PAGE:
In 1809 Hugh was probably in his fifties. He was a well-respected man, the retired Sheriff-Substitute of Sutherland and known for his honesty and piety, if not his brilliance in law. On August 16th Hugh decided to attend the Lammas Fair in Tain. He left his house in Dornoch that morning and crossed the ferry. Later, rumours spread that the men who loaded the evening ferry had been drinking. Donald Sage, that young lodger, later recorded the story in biblical style: ‘When he came to the Meikleferry, late in the day, the shore was crowded with people returning home from the market. On his arrival they all made way for him, and he was, quickly seated at the stern of the wherry; but afterwards the multitude pressed into the ferry-boat – the more earnestly, as they would thus have the privilege of crossing in the same boat with the Sheriff. Apprehensive of the issue, Mr. MacCulloch turned away at least two score of them from the boat. There still remained on board, however, too many for safety. It was a dead calm, and the wherry was pushed off from land. But when it had nearly reached the middle of the ferry, and the deepest part of it, the boat gave a sudden jerk, the water rushed in, and, with the exception of two or three who escaped by swimming, the whole of those on board sank to the bottom and perished. About 70 persons were thus drowned. This fearful event took place during the darkness of night … and created a deep sensation all over the country.’

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Tain, from the Cockle Ebb. Low tide. Photo: Elizabeth Ritchie

The tale of how Hugh’s body, among the last to be found, was discovered, reveals the mysticism which was part of Highland Evangelical Christianity. It is also reminiscent of saints’ stories in the Catholic tradition, where bodies which do not decompose prove saintliness. Donald Sage explained that the ‘particular spot where it lay under the flood was discovered in a dream. A fellow-Christian and an acquaintance, deeply affected by his death, dreamed of his departed friend. In the dream the Sheriff appeared, spoke of his sudden call to the other world, and told him where his earthly remains lay, adding that, whilst the fish of the sea were permitted to mangle at their pleasure the bodies of his fellow-sufferers, they were restrained from putting a tooth upon his, which would be found entire. The dream was realised in every particular.’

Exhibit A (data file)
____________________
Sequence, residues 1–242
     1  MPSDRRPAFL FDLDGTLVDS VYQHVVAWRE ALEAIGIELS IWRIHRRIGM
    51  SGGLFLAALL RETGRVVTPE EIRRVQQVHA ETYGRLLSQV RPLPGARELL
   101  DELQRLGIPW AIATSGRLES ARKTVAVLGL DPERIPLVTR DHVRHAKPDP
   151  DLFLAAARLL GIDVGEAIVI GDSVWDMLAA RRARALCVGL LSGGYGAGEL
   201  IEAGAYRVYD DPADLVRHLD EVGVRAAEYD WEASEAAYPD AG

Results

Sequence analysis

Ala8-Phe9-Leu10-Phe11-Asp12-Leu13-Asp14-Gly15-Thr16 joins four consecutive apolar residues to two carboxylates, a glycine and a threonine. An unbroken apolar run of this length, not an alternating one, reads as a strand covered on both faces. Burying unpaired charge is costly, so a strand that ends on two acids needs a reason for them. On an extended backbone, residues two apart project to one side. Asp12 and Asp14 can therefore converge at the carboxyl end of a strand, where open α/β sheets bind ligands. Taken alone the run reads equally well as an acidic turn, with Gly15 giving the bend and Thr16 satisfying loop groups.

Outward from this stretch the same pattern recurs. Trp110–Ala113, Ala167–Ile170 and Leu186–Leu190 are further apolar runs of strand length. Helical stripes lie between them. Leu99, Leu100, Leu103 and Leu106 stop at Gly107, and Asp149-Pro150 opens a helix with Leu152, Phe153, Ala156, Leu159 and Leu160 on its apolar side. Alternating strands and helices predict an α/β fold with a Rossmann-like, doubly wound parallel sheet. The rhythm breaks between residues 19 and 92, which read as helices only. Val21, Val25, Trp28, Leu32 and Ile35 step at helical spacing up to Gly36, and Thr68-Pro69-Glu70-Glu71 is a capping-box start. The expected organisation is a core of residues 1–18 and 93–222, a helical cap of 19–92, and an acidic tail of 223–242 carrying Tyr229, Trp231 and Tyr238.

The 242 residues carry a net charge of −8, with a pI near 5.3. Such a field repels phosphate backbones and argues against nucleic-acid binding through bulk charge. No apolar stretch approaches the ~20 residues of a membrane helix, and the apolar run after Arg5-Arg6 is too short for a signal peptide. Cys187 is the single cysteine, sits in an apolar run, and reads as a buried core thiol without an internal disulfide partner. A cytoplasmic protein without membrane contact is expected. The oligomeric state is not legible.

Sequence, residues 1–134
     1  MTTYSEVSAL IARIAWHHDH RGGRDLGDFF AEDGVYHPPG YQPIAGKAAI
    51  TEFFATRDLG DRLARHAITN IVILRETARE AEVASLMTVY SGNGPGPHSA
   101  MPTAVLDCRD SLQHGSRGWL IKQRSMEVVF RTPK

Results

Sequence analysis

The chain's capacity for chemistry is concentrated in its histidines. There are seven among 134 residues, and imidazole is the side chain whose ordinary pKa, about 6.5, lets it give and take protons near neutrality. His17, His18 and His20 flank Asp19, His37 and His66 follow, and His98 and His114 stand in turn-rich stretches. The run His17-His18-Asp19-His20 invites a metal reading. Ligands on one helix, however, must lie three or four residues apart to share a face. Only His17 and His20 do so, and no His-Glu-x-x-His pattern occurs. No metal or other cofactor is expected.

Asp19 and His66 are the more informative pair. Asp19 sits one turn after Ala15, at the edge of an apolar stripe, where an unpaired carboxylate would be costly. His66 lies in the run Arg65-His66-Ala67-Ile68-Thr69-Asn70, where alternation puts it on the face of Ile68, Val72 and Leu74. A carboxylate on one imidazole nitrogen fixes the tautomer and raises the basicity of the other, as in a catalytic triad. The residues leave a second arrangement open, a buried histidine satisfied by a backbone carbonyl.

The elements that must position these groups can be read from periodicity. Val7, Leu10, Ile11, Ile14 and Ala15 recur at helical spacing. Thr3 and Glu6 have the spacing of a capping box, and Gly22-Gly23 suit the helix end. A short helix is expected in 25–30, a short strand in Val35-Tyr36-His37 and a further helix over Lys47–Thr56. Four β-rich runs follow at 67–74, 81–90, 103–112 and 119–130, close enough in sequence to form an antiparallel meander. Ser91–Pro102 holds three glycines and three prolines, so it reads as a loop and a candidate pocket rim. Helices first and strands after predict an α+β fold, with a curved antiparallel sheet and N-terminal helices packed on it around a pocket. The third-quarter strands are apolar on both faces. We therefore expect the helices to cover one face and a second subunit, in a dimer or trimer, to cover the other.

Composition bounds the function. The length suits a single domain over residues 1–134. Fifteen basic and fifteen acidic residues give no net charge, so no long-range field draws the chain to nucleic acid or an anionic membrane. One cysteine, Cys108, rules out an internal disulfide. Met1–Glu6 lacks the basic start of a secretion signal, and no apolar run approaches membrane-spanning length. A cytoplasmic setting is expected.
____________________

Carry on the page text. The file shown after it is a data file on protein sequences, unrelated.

How the catastrophe of the Meikle Ferry impacted south-east Sutherland is reminiscent of the impact of the loss of the Iolaire on the Isle of Lewis 110 years later. In both, a small community lost many of its most active in one appalling moment. The response to the sudden needs of families bereft of the husbands, mothers, sons, wives, fathers, daughters who traded at Tain that day was to set up a fund. Monies poured in from people with local connections all over the world. Even donations from the profits of West Indian slave plantations ended up in the pockets of grief-stricken families. Hugh MacCulloch’s wife and his daughter, Chirsty, long survived him, and benefited from the Meikleferry Fund.

The Dornoch Firth which, in the years following the Jacobite Rising saw the birth of a boy named Hugh; which provided cooling, but dangerous waters for his youthful play; which was crossed every time the mature man travelled south on business or pleasure, eventually claimed that life. But its chill depths preserved him, casting him up in the place the visionary spoke of, so he could be buried in the way his family wanted.

Sources:

Donald Sage, Memorabilia Domestica, chapter 9.

Walter Scott (ed), ‘Dreadful Accident at the Meikle Ferry’, The Edinburgh Annual Register for 1809, 248.

N.B. Brian Munro has since unearthed a document (The Meikle Ferry Disaster Fund Book) in the Highland Archives which is far more contemporary than Sage’s memoirs and seems to state quite clearly that the accident took place ‘in the forenoon’ when people were on their way to the Lammas Fair, rather than returning from it. That does not, I think, remove any of the interest or importance of Sage’s analysis of the event and its impact, but shows how the details of narratives can shift.